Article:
Hunter vs. Dutch Gold Resources, Inc.

 

On December 12, 2011, Timothy Hunter, former employee of Dutch Mining, LLC, brought a labor/contract claim against Dutch Mining, LLC and the Company in the United States District Court for the District of Oregon Portland Division. The Plaintiff seeks payments under certain contract between him and Dutch Mining, LLC. The Company has made the appropriate provisions relating to this claim in its financial statements as of March 31, 2012.

 

James De Smet vs. Dutch Mining, LLC

 

On February 12, 2011, James De Smet commenced an action for a trade payables claim against Dutch Mining LLC in the amount of $17,213.96. On September 23, 2011, a default judgment was entered against Dutch Mining, LLC in the Circuit Court of the State of Oregon for Josephine County. The Company has made the appropriate provisions relating to this claim in its financial statements as of March 31, 2012.

 

Jassam Al Kassab vs. Dutch Gold, Inc., Et Al.

 

On July 25, 2011, Jassam Al Kassab, commenced an action in the Supreme Court of British Columbia and has sued the Company to have a settlement agreement aside and collect additional shares of common stock from the Company. The Company has filed an answer in the action and is defending any further liability in this matter.

 

Thompson Law LLC vs. Dutch Gold Resources, Inc.

 

On January 20, 2011, Thompson Law LLC, filed an action against the Company in the Superior Court of the County of Fulton. The Company has entered into a settlement agreement with the Plaintiff and has made the appropriate provisions relating to this settlement in its financial statements as of March 31, 2012.

 

Lippert/Heilshorn vs. Dutch Gold Resources, Inc.

 

Lippert/Heilshorn commenced an action to collect consulting fees allegedly owed by the Corporation and Shamika 2 Gold, Inc. in the alleged, aggregate amount of $51,442.57. The Company intends to vigorously defend the allegations and such claims and believes the appropriate provisions relating to this claim have been made in the Company’s financial statements as of March 31, 2012.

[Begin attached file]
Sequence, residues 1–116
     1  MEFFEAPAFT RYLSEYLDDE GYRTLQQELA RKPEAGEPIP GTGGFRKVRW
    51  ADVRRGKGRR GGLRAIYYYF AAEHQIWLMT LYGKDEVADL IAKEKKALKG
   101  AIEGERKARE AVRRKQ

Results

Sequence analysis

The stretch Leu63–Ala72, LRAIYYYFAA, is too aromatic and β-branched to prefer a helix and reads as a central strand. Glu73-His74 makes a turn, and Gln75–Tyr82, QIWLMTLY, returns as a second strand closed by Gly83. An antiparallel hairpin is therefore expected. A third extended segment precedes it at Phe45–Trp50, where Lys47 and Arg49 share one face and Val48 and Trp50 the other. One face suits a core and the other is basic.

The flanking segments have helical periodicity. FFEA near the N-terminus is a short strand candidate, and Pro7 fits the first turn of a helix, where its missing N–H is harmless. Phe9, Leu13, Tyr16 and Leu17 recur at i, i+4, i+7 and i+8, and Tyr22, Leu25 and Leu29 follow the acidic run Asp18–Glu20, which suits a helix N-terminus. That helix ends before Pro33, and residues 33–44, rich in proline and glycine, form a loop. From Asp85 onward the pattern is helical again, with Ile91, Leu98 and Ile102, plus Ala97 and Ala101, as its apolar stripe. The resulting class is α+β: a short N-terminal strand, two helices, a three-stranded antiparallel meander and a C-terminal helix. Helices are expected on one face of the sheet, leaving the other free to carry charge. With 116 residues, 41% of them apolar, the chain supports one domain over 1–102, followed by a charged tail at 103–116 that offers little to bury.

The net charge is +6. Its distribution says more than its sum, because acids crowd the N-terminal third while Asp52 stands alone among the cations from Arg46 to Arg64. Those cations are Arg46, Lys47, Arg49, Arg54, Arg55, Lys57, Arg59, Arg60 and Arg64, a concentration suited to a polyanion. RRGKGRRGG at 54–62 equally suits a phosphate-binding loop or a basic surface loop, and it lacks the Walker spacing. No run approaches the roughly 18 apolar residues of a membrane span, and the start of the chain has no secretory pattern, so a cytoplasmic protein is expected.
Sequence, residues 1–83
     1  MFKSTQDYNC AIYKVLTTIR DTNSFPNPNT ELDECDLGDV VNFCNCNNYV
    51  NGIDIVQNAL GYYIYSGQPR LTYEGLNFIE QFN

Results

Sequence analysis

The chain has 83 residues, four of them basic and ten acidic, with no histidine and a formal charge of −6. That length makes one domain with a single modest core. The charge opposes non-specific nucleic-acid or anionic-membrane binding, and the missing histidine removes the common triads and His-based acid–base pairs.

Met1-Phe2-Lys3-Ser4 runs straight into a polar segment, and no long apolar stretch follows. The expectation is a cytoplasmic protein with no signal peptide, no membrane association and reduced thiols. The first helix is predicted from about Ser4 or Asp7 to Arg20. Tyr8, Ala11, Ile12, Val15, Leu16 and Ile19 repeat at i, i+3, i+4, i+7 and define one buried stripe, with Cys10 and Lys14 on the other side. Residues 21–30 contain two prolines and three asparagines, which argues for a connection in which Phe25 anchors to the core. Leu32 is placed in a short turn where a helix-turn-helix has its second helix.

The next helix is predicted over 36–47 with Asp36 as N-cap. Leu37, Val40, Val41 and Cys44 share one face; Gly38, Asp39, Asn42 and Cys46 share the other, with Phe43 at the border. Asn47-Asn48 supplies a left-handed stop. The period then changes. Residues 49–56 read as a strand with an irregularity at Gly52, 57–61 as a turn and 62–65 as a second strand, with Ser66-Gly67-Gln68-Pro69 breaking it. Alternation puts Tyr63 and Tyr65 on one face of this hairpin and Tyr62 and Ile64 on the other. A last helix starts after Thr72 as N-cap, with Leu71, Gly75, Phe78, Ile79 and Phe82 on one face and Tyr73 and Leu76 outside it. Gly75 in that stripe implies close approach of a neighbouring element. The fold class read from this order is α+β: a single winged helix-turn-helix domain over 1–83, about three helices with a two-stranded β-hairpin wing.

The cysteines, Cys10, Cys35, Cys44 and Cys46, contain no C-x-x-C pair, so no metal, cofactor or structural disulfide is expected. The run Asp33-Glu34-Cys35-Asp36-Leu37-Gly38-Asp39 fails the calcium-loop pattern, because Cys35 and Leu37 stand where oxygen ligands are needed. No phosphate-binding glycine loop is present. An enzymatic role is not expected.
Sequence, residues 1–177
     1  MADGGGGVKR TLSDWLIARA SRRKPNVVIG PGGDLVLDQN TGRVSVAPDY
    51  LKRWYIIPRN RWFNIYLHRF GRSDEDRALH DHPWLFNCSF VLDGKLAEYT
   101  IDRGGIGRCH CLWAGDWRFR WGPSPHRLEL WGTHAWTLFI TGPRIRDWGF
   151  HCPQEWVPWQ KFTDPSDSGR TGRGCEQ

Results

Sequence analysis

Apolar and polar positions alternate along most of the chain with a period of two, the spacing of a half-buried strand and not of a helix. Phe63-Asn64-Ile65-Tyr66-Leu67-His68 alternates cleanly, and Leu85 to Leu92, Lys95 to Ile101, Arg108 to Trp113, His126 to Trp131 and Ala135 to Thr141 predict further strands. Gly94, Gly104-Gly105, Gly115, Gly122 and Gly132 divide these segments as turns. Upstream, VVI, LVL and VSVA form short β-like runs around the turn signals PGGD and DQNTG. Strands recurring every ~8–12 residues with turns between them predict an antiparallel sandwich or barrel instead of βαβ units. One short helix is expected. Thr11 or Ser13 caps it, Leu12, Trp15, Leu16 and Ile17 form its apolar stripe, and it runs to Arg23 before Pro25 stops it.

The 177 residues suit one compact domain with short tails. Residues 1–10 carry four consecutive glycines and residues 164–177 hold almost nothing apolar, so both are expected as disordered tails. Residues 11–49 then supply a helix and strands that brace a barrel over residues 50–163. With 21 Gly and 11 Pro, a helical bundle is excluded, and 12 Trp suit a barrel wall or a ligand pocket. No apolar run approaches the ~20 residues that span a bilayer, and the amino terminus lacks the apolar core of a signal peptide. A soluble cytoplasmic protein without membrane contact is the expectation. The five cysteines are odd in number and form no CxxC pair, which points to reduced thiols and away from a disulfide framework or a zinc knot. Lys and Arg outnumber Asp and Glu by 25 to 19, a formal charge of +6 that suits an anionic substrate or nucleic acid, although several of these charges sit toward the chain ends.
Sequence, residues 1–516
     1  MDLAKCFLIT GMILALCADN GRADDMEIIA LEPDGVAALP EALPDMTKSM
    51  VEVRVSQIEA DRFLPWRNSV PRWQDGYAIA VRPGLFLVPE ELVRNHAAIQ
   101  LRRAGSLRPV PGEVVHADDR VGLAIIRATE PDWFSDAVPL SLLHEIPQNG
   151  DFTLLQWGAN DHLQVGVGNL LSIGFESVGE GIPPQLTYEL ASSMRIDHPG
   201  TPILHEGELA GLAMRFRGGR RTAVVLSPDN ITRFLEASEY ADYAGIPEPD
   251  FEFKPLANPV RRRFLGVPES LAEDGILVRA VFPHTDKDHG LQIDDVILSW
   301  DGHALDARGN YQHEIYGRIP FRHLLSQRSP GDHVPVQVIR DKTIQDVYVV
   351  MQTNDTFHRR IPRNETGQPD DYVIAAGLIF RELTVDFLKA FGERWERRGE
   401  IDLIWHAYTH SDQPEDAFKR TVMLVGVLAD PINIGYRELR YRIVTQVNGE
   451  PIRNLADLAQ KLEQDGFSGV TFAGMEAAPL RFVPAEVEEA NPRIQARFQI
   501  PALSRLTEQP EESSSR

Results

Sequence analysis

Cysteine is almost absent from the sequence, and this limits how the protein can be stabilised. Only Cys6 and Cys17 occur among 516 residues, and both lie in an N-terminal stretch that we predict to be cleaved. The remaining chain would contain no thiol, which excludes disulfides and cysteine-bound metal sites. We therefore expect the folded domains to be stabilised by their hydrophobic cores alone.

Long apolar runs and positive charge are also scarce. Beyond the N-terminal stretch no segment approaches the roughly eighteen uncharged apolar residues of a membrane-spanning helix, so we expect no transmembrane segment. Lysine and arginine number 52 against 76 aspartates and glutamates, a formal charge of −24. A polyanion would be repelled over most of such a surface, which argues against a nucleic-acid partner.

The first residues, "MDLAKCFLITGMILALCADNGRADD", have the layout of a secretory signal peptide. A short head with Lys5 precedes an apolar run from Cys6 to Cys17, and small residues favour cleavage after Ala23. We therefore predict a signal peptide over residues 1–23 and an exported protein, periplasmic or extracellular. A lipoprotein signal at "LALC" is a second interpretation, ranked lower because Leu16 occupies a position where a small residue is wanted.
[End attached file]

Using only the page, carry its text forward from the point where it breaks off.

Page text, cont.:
On April 8, 2010, the Company was advised that the Securities and Exchange Commission is conducting an investigation in the Company in the matter identified as Dutch Gold Resources, Inc., Case No. A-03222. In accordance with the investigation, the Company and its Chief Executive Officer, Daniel W. Hollis, received subpoenas to produce documents and testify before the Commission. Neither the Company nor Mr. Hollis have been notified of the nature of the investigation. The Company has fully cooperated with the investigation supplying both documentation and testimony in response to the request for information. On March 6, 2012, the Company and its Chief Executive Officer were notified that the investigation had been completed and that the Commission does not intend to recommend any enforcement action against the Company or Mr. Hollis.

 

24
 

 

We are not aware of any other pending legal proceeding to which any of our officers, directors, or any beneficial holders of 5% or more of our voting securities are adverse to us or have a material interest adverse to us.

 

Item 1A.   Risk Factors

 

Not required for smaller reporting companies.

 

Item 2. Unregistered Sales of Equity Securities and Use of Proceeds.

 

None.

 

PART II — OTHER INFORMATION

 

Item 3.    Defaults Upon Senior Securities

 

None.

 

Item 4.    Mine Safety Disclosures

 

The information concerning mine safety violations or other regulatory matters required by Section 1503(a) of the Dodd-Frank Wall Street Reform and Consumer Protection Act and this Item is included in Exhibit 95 to this quarterly report on Form 10-Q. There are no current mine safety violations for the Company.